God’s Revolution: Part III

The Advent of Hezbollah

When the Israeli invasion began in 1982, Khomeini immediately and fervently called for the dispatch of the IRGC to Lebanon to take a direct combat role against the invasion. Syria tempered Iranian ambitions, allowing for a limited dispatch of an official number of 2,000 IRGC members who would only be allowed to conduct operations in Lebanon’s Beqaa Valley, but were also granted permission to train locals to fight Israel as well. IRGC operatives arrived in waves of six to seven hundred between 1982 and 1983 and immediately went to work setting up military training camps, religious schools, and hospitals throughout the Beqaa, Beirut, and South Lebanon.

According to Magnus Ranstorp, the Guards’ activity soon brought them into conflict with the Lebanese Army, with the result of the latter being expelled from Beqaa after a series of short battles. Yes, you heard that right: the IRGC had effectively conquered a significant portion of Lebanese territory as a prelude to its setup of Hezbollah, leading to the Lebanese government cutting all ties with Iran in 1983 and fueling early domestic animosity towards the nascent Iranian project.

Thirty years in the making
Thirty years in the making

As a part of the IRGC’s recruitment plan, Hezbollah’s early membership was originally drawn from favored Shi’a clans in the Beqaa Valley, Beirut, and South Lebanon in order to prevent infiltration by enemies—an extremely common and deadly threat to militia groupings throughout the war. These Lebanese insiders were given access to Iran’s monetary, financial, and military resources in order to establish other Hezbollah units throughout Lebanon.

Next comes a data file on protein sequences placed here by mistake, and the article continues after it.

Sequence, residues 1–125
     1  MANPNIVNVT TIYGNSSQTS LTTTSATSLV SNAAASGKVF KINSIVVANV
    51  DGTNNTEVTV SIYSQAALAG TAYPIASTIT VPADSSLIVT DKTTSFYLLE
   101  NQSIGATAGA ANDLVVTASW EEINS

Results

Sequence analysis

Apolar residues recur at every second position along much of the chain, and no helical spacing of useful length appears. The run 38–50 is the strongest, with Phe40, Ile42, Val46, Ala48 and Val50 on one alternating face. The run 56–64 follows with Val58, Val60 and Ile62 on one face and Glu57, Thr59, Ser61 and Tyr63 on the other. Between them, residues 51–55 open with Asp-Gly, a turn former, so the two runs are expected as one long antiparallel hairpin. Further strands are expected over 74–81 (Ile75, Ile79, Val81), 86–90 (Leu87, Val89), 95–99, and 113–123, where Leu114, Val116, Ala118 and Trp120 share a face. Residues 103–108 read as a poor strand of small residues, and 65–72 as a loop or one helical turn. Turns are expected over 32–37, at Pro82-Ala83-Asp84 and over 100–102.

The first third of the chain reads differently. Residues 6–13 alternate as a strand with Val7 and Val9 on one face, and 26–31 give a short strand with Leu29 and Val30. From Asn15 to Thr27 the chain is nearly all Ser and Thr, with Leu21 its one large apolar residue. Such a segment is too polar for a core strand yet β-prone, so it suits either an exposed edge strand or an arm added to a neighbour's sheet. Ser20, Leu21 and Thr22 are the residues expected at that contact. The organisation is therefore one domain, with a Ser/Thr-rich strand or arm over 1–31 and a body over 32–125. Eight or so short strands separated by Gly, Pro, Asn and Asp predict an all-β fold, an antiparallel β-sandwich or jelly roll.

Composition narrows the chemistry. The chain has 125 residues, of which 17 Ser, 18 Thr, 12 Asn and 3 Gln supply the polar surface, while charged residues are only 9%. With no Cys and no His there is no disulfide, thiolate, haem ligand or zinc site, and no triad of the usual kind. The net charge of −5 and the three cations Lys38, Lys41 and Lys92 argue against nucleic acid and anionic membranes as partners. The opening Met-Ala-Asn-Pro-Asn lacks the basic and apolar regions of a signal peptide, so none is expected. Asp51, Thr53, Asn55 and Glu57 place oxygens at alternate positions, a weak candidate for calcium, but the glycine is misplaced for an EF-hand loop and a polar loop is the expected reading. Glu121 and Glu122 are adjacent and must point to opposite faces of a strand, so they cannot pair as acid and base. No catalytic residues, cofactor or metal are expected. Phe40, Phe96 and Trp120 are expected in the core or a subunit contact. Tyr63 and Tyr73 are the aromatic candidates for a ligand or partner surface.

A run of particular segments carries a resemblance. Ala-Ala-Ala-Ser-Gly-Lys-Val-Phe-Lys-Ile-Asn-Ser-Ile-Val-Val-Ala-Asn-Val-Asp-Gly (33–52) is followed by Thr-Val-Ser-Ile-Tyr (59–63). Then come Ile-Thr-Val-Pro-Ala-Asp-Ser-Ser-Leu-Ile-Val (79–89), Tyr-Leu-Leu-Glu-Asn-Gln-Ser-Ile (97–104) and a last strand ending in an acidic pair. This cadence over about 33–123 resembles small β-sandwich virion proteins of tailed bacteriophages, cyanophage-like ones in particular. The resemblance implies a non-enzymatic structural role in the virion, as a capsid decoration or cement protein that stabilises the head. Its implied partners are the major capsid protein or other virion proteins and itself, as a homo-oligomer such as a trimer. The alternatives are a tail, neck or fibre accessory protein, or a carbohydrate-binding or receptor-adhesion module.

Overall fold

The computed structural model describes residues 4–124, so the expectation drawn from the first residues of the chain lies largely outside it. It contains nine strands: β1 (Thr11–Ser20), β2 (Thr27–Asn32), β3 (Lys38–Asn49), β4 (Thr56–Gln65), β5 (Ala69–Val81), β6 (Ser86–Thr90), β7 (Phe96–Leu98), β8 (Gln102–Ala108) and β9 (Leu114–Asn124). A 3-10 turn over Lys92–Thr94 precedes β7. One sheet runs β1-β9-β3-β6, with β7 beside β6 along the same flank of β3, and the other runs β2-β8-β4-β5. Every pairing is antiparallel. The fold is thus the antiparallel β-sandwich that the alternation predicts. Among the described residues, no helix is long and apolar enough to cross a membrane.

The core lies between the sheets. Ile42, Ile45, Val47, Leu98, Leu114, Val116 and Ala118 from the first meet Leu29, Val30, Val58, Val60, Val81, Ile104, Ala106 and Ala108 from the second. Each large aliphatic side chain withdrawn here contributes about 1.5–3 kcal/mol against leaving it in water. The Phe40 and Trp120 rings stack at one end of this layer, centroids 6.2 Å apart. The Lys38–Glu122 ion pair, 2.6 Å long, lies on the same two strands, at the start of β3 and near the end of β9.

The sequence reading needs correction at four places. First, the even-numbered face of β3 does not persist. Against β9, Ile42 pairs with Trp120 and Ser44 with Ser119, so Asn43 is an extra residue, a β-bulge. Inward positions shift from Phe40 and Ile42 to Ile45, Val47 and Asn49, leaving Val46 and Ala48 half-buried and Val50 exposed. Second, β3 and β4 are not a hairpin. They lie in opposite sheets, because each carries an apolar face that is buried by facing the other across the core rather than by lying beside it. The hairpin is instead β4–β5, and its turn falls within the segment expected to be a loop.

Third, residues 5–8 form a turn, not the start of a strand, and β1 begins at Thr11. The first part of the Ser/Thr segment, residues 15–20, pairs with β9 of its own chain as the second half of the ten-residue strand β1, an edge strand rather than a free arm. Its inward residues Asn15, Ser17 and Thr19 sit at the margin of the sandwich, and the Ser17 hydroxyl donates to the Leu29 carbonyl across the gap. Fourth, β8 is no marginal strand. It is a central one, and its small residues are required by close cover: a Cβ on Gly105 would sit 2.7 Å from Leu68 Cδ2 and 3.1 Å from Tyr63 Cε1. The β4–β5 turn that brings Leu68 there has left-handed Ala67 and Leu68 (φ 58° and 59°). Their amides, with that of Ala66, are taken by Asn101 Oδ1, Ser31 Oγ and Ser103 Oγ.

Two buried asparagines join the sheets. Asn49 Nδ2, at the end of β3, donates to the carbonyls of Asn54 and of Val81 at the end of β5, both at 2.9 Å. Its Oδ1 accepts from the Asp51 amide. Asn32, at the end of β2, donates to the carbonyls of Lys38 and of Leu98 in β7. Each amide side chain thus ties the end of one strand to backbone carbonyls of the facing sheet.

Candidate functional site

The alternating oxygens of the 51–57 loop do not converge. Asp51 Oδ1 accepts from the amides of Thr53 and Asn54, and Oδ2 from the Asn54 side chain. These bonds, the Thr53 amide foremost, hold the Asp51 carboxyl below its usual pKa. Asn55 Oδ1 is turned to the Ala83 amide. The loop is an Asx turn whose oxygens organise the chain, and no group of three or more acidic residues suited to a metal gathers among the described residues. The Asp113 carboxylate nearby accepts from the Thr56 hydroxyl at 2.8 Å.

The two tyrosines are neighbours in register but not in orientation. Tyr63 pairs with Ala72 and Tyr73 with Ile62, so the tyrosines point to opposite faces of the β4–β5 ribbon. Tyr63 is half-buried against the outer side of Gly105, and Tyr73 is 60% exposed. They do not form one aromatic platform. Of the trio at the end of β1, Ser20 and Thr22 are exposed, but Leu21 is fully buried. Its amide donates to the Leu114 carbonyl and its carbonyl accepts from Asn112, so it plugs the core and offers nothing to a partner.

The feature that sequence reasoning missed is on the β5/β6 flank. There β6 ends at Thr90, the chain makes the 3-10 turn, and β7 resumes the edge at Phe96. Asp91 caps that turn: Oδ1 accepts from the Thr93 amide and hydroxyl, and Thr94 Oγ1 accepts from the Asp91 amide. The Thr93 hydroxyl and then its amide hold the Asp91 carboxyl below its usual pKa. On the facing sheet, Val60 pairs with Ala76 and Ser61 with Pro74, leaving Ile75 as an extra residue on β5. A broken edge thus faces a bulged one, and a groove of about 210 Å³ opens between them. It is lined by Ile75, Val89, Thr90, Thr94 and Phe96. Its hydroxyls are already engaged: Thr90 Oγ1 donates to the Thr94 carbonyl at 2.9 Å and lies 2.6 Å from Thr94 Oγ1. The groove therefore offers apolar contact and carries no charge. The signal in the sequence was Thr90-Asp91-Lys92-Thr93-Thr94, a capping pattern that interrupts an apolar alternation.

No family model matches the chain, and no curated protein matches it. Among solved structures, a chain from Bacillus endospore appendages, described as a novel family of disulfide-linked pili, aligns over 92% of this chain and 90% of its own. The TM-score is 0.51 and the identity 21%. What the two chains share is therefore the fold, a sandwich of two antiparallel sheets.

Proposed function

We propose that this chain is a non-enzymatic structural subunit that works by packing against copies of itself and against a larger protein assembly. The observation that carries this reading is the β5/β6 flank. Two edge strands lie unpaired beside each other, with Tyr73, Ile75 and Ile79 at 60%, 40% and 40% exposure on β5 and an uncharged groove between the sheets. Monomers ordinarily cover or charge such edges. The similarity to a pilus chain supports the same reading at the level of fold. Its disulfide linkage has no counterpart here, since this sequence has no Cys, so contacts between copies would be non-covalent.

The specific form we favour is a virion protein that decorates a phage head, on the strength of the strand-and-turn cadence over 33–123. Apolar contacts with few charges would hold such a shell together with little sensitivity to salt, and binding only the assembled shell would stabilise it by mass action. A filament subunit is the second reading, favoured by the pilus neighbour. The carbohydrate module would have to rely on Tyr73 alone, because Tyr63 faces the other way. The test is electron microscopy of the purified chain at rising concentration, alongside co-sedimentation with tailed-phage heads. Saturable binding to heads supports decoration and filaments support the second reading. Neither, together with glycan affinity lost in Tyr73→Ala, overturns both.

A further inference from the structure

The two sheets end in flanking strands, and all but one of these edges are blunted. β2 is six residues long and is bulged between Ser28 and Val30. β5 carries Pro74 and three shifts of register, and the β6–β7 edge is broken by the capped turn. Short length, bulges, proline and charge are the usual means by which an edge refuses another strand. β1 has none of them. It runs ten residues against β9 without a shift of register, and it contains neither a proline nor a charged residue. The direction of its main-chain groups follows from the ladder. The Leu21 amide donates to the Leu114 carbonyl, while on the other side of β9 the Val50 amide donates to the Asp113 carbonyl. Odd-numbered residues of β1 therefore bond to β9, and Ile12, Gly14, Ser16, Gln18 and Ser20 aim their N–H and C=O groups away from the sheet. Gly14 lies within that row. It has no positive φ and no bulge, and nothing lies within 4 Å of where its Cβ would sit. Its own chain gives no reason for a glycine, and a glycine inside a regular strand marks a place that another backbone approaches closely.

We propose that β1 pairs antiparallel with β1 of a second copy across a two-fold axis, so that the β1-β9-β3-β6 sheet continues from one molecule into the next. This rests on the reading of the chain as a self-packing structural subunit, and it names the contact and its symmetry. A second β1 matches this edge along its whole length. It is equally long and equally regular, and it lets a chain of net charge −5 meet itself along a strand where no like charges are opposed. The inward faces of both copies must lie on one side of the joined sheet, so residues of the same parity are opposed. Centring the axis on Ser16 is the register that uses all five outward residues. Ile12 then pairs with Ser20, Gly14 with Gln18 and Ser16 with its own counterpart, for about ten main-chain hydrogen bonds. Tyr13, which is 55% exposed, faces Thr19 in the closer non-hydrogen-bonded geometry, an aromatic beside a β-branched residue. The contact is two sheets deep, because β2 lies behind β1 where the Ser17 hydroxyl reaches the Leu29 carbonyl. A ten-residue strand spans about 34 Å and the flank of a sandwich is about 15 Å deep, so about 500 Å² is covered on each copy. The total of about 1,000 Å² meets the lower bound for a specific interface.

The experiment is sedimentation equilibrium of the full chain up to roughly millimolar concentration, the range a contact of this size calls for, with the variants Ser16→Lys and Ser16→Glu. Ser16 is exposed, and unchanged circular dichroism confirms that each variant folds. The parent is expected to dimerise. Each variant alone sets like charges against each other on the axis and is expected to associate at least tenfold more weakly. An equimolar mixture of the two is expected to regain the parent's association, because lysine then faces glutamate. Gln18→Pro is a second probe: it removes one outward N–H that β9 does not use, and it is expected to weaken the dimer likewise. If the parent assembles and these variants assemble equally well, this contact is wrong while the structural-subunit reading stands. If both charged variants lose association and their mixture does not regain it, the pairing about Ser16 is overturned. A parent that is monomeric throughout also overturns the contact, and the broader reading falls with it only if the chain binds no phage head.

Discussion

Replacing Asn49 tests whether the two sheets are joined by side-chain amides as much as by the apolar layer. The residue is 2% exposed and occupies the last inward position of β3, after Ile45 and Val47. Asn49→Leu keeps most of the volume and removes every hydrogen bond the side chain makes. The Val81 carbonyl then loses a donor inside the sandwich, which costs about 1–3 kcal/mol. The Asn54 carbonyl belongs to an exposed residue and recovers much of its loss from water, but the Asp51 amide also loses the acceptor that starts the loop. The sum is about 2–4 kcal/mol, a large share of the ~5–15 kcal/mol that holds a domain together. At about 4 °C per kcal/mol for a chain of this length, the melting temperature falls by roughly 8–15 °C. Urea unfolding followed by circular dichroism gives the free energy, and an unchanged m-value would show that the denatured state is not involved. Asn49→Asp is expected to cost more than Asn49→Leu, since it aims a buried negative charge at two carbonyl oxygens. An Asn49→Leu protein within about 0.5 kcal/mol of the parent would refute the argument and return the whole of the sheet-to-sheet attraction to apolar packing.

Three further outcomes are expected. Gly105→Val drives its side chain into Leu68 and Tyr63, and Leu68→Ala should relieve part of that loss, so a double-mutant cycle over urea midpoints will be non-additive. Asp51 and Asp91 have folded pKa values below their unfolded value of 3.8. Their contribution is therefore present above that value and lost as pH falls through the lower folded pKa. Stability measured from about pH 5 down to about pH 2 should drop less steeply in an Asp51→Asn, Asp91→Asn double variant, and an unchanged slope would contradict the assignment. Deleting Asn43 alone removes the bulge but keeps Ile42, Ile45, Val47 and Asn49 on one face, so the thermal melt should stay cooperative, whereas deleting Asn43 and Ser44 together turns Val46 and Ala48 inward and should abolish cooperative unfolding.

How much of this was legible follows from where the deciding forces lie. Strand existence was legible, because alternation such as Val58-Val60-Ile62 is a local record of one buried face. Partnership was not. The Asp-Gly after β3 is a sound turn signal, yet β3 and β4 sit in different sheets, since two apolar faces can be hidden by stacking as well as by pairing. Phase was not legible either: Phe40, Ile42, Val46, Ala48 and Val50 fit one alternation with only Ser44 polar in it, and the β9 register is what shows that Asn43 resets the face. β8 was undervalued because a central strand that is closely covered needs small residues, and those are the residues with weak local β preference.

Many former members of the Amal Movement also joined Hezbollah following outrage at their organization’s leadership for supporting a pro-Israel unity government. Hezbollah’s early combat victories also won them many supporters as well as international notoriety. A 1983 suicide attack on American and French barracks in Beirut led to the unilateral withdrawal of American and French forces by 1984. 1983 would also end with the assassination of the Israeli-installed president of Lebanon, which also killed the unity government and thus Israeli designs on Lebanon.

Adding to its string of early victories, by 1985, a successful ground war spearheaded by Hezbollah had pushed the Israelis out of the strategic Chouf mountain range in Lebanon and scaled back the gains made by Israel’s invasion force to a buffer zone five miles wide in Southern Lebanon. The war to push the Israelis out of their unilaterally proclaimed buffer zone and back over the Lebanese-Israeli border would take another 15 years, ending with a unilateral Israeli pullout from Lebanon in the year 2000.

Within only a year of its existence, Hezbollah had already threatened the strategic interests of the United States, Israel, and former colonial master France. The Islamic Revolution, with its goal of reconquest of the Middle East from the West, was playing out exactly as Khomeini had planned.

The Lebanese Battlefield
The Lebanese Battlefield

Hezbollah’s Structure and Iran’s Role in It